program when it ended. This would appear to be supported by the data from the 6- and 12-month follow-up. There might have also been some limitations regarding the research design and methodology. During the course of any athletic season, factors such as coaching, nutrition, and social support can all
Paul R. Ashbrook, Andrew Gillham and Douglas Barba
Gordon A. Olafson
Although concern for the lack of empirically based research and for the types of methodologies used continues, few if any sport management articles have quantified the extent of such criticism. Selected volumes of the Academy of Management Journal, Administrative Science Quarterly, Journal of Applied Psychology, Canadian Journal of Applied Sport Sciences, Dissertation Abstracts, Journal of Sport Management, and Research Quarterly for Exercise and Sport were content analyzed employing 13 dimensions to determine, on a comparative basis, the patterns of research design in organizational studies and sport management research. Based upon this analysis, sport management researchers should explore the variety of methods and analyses evident in the organizational studies literature. The basis for these results and suggestions for change are discussed.
Wojtek J. Chodzko-Zajko
This paper presents a brief overview of some of the major issues associated with research design in experimental gerontology. The intention is not to provide a comprehensive and detailed guide to experimental design and research methods. Rather, the paper focuses on a more general discussion of several issues associated with the design, implementation, and interpretation of research in an attempt to illustrate why a rudimentary knowledge of these topics is essential for all researchers and practitioners involved in the study of the aging process. Wherever possible, specific examples from the exercise science and applied health literature are selected in order to illustrate the significance of these factors for our field of expertise.
research and practice. In this commentary, I will expand on their recommendations by proposing that exercise scientists should more frequently utilize a specific qualitative research design: case studies. In exercise science, case study designs are mostly used to acquire knowledge about the training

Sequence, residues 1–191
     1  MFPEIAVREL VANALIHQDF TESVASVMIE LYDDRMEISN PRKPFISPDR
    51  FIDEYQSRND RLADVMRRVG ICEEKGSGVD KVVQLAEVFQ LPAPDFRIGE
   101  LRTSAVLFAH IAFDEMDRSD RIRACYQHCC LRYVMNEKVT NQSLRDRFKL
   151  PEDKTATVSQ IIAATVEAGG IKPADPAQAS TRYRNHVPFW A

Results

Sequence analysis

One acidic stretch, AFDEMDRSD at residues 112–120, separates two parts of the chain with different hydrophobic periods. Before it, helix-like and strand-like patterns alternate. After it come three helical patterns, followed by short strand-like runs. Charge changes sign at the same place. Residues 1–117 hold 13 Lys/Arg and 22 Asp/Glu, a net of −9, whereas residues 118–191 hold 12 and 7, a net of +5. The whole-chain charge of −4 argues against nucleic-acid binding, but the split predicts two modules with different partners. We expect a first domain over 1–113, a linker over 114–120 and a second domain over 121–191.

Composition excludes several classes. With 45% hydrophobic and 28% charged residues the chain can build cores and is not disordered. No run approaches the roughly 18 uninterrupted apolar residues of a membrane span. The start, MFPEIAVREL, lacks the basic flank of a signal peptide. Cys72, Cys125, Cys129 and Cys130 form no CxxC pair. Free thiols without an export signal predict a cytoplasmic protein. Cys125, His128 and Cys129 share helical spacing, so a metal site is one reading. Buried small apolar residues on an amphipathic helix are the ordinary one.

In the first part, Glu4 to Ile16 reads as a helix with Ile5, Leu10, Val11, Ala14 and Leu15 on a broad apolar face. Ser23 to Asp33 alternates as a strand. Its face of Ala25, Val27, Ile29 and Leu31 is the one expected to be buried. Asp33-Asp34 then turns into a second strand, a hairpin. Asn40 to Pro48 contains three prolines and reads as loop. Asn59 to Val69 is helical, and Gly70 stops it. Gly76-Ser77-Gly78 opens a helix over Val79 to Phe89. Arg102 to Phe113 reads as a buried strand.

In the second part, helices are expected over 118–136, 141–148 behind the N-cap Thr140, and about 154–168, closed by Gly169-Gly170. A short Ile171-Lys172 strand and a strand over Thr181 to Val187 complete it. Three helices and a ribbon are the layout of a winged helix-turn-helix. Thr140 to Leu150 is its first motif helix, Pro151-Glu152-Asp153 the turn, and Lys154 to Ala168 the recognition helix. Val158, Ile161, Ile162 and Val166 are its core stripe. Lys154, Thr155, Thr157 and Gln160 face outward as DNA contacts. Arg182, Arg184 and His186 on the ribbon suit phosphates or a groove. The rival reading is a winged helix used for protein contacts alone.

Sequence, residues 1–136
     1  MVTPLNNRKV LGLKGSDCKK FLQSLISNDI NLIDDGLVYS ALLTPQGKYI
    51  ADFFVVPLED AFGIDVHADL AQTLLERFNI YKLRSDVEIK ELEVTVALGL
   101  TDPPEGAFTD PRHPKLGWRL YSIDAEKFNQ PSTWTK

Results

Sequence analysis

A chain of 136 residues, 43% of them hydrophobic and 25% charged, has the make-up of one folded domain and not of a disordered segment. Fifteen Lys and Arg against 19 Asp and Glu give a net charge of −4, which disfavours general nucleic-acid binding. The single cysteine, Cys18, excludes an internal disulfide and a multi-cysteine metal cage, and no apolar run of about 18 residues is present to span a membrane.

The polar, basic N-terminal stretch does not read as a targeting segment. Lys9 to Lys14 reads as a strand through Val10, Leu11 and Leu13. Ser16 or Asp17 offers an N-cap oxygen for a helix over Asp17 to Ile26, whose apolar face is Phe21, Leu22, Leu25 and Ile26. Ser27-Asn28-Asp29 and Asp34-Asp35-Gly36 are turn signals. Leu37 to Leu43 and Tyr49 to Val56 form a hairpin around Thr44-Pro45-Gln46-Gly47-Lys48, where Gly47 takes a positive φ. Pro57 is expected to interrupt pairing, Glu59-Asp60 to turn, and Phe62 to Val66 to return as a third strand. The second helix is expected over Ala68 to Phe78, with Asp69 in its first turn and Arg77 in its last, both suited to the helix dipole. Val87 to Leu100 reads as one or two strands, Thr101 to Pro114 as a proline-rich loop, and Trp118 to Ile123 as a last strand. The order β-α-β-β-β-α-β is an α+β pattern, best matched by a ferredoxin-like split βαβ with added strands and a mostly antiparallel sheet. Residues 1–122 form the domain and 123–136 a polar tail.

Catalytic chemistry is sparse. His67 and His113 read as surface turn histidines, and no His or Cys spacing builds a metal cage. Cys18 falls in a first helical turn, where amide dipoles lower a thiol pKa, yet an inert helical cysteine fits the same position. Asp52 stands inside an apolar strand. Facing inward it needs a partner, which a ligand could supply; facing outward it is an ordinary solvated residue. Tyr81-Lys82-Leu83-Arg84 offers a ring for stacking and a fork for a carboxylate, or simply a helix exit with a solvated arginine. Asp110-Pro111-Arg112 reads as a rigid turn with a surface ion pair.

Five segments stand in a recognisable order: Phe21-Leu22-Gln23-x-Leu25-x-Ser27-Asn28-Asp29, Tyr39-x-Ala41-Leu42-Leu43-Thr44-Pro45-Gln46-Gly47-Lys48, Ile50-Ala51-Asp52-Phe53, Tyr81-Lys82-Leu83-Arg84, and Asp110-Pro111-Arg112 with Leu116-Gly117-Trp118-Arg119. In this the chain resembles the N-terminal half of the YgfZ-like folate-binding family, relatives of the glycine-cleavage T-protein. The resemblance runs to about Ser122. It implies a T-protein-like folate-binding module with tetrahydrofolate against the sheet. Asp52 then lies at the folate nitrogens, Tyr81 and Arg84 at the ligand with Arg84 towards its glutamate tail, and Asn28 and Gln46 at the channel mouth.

Patrick O. McKeon, Jennifer M. Medina and Jay Hertel
Column-editor : Michael G. Dolan
John N. Singer, Sally Shaw, Larena Hoeber, Nefertiti Walker, Kwame J. A. Agyemang and Kyle Rich
going in and not having methods laid out, but engaging the community in an emergent process of research design. And then subsequently, the way it’s written up also looks different. But several things came up along the way that were challenging within that process. Everything from feedback on abstracts
Carrie W. LeCrom, Brendan Dwyer and Gregory Greenhalgh
The scholars of sport for development (SFD) suggest the need for advancements in theory development and stronger connections between practice and theory. This article outlines some of the challenges and barriers to theory development in SFD and suggests ways to move forward. The authors state that theories and frameworks in SFD are underdeveloped as a result of methodological and contextual challenges due to the variance in SFD programming. The SFD programs are being implemented across the globe in a myriad of countries and contexts, addressing varying social issues that make theory development challenging. Suggestions are put forward to help scholars and practitioners overcome these challenges, including creativity in methodology, collaborations in program assessment, and the need for patience required of fields focusing on social and behavioral change.
Apollo 13 was initially looking like it would be the smoothest flight ever. After the explosion of an oxygen tank, however, the astronauts were close to spending the rest of their lives in rotation around the planet. This well-known incident is used to further discuss the link, or lack thereof, between sport-science research and current field practices. There is a feeling that the academic culture and its publishing requirements have created a bit of an Apollo 13–like orbiting world (eg, journals and conferences) that is mostly disconnected from the reality of elite performance. The author discusses how poor research discredits our profession and provides some examples from the field where the research does not apply. In fact, the reality is that sport scientists often do not have the right answers. Some perspectives to improve translation are finally discussed, including a rethink of the overall publishing process: promotion of relevant submission types (eg, short-paper format, short reports, as provided by IJSPP), improvement of the review process (faster turnaround, reviewers identified to increase accountability, and, in turn, review quality), and media types (eg, free downloads, simplified versions published in coaching journals, book chapters, infographics, dissemination via social media). When it comes to guiding practitioners and athletes, instead of using an evidence-based approach, we should rather promote an “evidence-led” or “informed-practice” approach—one that appreciates context over simple scientific conclusions.